May 20, 2016: from a reader, more specific bankruptcy notes with regard to North Dakota --
Many operators who file bankruptcy are in arrears on royalty payments. A new law goes into effect at the end of February in North Dakota that allows a royalty holder to file a security lien when the royalty has not been paid when due. The royalty owner must file the lien with the state and record the lien in the county where the well is located within 90 days of production to have a lien. With good records and timely filing and recording, mineral interest owners can gain a secured position in a bankruptcy proceeding. This greatly increases a royalty holder’s chances of a full recovery because secured creditors are paid before unsecured creditors.May 20, 2016: from a reader, this link regarding royalties and bankruptcies -- http://www.mineralrightsforum.com/m/blogpost?id=4401368%3ABlogPost%3A609909
From the linked article, which seems very, very good and is worth looking at --
E. How Does This Affect my Royalties?
Because Texas royalty owners may have a secured claim to sales proceeds, and because of the possibility of terminating the lease if it is worded properly, the effect on royalty payments is often not as large as many would fear. Particularly in a Chapter 11, the operator usually quickly gets permission from the court to continue to pay royalty owners during the bankruptcy.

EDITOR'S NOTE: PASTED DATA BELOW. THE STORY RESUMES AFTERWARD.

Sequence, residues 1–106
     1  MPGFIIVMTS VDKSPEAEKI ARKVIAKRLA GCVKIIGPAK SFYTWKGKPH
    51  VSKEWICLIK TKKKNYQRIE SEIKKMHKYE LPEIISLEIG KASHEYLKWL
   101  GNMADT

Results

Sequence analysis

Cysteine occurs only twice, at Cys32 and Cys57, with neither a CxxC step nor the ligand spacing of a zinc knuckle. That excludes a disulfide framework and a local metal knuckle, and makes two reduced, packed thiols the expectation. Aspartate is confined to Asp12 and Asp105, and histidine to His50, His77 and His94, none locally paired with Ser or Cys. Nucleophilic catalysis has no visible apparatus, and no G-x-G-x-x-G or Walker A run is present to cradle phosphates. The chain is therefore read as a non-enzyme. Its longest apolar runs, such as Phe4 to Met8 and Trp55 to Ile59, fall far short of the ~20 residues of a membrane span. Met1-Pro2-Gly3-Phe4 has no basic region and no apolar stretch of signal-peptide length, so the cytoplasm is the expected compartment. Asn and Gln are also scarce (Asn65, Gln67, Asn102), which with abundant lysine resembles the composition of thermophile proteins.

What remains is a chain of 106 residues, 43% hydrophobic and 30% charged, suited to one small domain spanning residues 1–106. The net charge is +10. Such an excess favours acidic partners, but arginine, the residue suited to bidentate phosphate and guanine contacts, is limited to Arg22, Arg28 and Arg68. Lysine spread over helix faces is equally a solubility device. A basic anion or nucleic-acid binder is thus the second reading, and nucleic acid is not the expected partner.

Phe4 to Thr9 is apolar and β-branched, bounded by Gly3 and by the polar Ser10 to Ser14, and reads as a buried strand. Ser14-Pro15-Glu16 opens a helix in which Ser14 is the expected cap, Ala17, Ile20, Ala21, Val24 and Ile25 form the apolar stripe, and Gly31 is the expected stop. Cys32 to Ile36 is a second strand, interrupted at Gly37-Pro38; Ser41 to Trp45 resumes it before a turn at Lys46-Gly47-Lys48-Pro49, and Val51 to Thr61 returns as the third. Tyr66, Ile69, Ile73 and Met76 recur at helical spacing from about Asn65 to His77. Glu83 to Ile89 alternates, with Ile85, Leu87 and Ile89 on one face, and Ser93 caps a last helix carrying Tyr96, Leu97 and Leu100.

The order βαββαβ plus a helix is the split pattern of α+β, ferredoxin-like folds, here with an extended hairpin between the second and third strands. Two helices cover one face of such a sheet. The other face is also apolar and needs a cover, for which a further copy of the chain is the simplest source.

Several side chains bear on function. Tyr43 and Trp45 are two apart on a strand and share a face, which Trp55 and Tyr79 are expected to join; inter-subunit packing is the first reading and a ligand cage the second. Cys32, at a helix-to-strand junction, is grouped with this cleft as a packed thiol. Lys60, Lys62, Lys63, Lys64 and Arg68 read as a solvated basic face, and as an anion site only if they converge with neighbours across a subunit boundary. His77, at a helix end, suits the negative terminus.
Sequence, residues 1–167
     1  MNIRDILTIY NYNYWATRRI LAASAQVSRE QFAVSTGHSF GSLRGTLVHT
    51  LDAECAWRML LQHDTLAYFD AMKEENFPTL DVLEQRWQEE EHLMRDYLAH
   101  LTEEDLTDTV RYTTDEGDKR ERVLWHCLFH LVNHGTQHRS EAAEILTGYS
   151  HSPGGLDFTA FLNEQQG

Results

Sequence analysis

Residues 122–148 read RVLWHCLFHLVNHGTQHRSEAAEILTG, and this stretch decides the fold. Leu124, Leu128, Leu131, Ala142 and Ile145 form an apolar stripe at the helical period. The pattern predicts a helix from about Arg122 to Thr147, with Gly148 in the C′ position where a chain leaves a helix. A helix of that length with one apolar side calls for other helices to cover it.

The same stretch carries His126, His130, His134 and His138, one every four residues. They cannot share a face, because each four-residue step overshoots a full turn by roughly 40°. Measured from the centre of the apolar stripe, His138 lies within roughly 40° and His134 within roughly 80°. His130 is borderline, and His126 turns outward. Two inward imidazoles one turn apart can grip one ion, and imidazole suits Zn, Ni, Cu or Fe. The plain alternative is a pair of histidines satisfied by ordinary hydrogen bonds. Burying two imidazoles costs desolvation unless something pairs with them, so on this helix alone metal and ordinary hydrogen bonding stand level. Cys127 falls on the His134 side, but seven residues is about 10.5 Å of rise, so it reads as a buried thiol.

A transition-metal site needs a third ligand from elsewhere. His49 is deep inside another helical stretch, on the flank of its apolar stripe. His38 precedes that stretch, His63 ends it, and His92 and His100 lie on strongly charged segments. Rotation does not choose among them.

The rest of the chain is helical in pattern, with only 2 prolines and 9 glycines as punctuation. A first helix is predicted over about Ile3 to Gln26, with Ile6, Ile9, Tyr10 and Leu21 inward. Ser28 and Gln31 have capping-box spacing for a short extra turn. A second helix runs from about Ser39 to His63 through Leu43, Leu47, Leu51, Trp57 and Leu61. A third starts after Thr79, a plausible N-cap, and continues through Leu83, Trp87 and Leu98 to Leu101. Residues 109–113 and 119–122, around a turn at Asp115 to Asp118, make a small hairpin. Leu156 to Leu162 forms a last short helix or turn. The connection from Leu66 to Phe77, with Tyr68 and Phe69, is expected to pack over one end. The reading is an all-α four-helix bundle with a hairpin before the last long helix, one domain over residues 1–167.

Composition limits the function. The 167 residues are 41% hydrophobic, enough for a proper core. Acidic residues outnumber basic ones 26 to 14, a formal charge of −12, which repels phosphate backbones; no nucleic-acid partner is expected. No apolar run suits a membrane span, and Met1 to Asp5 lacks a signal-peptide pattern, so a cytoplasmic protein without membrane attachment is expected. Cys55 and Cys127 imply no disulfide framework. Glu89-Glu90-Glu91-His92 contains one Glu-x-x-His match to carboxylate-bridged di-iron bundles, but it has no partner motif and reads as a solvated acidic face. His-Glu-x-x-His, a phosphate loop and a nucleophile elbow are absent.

However, there is no one-size-fits-all outcome on royalty payments, and it can vary from a complete stop of payments, if they have not stopped already, to proportional payments, to full payments.
The payment for any royalties overdue at the time the bankruptcy is filed are considered claims against the bankruptcy estate, and may take a substantial amount of time to collect, if at all. If your operator has stopped paying royalties and eventually files a voluntary Chapter 7, your chance of getting 100 cents on the dollar is poor.May 20, 2016: from oilprice.com --
Halcon Resources Corp announced yesterday that it is filing for Chapter 11 bankruptcy protection as part of a restructuring agreement with creditors—a move that could wipe out $1.8 billion, or 65 percent, of its debt and $222 million of preferred stock equity.
The agreement would also reduce Halcon’s ongoing annual interest burden by more than $200 million. The shareholders affected by the restructuring include those holding 3rd Lien Notes due 2022, Senior Notes due 2020, Senior Notes due 2021, Senior Notes due 2022, Convertible Notes due 2020, and Perpetual Convertible Preferred Stock.
The affected stakeholder would then receive shares of common stock, warrants, and/or cash.
Halcon is expected to operate as usual during the restructuring process, and pay all suppliers and vendors in full for goods and services provided.
Later, 2:45 p.m. Central Time: see comments. Folks are asking how the Halcon bankruptcy will affect royalty payments.
I'm trying to sort out the "thermometers" in the Bakken.
Halcon might be one. I was thinking about that the other day and now this headline today: Halcon reaches pact with creditors on prepackaged bankruptcy plan. The plan would wipe out $1.8 billion in debt and help it survive the drop in crude prices.
The bankruptcy marks a setback to Halcón Chief Executive Floyd Wilson's long-running goal to build and then sell the company to the highest bidder, a plan that mimicked Wilson's 2011 sale of Petrohawk to BHP Billiton for more than $12 billion at a 65 percent premium to its shares.
Yet almost from the beginning, Halcón was saddled by high costs and high debt, despite having some quality acreage. Indeed, the value of Halcón's holdings in North Dakota's Bakken shale formation have long eclipsed the market value of the company.
Halcón's restructuring plan will eliminate about $222 million of preferred equity, and reduce the company's annual interest payments by more than $200 million.Another "thermometer" might be EOG.